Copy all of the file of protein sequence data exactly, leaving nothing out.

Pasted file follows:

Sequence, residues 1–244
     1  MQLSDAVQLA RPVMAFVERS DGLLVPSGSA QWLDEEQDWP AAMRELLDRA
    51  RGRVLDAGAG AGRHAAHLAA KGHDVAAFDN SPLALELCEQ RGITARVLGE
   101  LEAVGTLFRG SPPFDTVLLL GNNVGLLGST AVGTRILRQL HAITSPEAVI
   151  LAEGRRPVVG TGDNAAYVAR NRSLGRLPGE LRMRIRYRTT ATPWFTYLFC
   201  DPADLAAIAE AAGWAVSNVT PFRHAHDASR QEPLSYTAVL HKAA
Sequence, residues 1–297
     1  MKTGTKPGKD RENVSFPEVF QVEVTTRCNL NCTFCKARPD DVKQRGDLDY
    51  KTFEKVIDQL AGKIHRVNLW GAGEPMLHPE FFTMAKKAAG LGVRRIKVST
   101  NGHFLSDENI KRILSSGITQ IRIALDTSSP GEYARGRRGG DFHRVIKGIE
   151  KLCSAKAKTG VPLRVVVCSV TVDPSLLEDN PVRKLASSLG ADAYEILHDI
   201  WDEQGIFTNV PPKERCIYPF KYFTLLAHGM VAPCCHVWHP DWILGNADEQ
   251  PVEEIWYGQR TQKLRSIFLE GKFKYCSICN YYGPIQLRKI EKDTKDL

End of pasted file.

Sequence, residues 1–244
     1  MQLSDAVQLA RPVMAFVERS DGLLVPSGSA QWLDEEQDWP AAMRELLDRA
    51  RGRVLDAGAG AGRHAAHLAA KGHDVAAFDN SPLALELCEQ RGITARVLGE
   101  LEAVGTLFRG SPPFDTVLLL GNNVGLLGST AVGTRILRQL HAITSPEAVI
   151  LAEGRRPVVG TGDNAAYVAR NRSLGRLPGE LRMRIRYRTT ATPWFTYLFC
   201  DPADLAAIAE AAGWAVSNVT PFRHAHDASR QEPLSYTAVL HKAA
Sequence, residues 1–297
     1  MKTGTKPGKD RENVSFPEVF QVEVTTRCNL NCTFCKARPD DVKQRGDLDY
    51  KTFEKVIDQL AGKIHRVNLW GAGEPMLHPE FFTMAKKAAG LGVRRIKVST
   101  NGHFLSDENI KRILSSGITQ IRIALDTSSP GEYARGRRGG DFHRVIKGIE
   151  KLCSAKAKTG VPLRVVVCSV TVDPSLLEDN PVRKLASSLG ADAYEILHDI
   201  WDEQGIFTNV PPKERCIYPF KYFTLLAHGM VAPCCHVWHP DWILGNADEQ
   251  PVEEIWYGQR TQKLRSIFLE GKFKYCSICN YYGPIQLRKI EKDTKDL